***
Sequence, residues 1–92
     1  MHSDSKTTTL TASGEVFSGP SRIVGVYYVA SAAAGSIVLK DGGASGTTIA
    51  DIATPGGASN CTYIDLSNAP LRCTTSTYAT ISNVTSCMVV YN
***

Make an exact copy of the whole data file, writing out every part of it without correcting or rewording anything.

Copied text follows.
Sequence, residues 1–92
     1  MHSDSKTTTL TASGEVFSGP SRIVGVYYVA SAAAGSIVLK DGGASGTTIA
    51  DIATPGGASN CTYIDLSNAP LRCTTSTYAT ISNVTSCMVV YN